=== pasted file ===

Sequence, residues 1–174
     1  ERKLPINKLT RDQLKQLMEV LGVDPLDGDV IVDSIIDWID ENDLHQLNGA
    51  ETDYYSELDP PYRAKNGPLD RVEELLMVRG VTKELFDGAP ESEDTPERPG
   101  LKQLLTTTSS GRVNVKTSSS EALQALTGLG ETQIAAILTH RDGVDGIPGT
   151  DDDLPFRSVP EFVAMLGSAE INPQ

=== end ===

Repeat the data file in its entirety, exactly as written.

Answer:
Sequence, residues 1–174
     1  ERKLPINKLT RDQLKQLMEV LGVDPLDGDV IVDSIIDWID ENDLHQLNGA
    51  ETDYYSELDP PYRAKNGPLD RVEELLMVRG VTKELFDGAP ESEDTPERPG
   101  LKQLLTTTSS GRVNVKTSSS EALQALTGLG ETQIAAILTH RDGVDGIPGT
   151  DDDLPFRSVP EFVAMLGSAE INPQ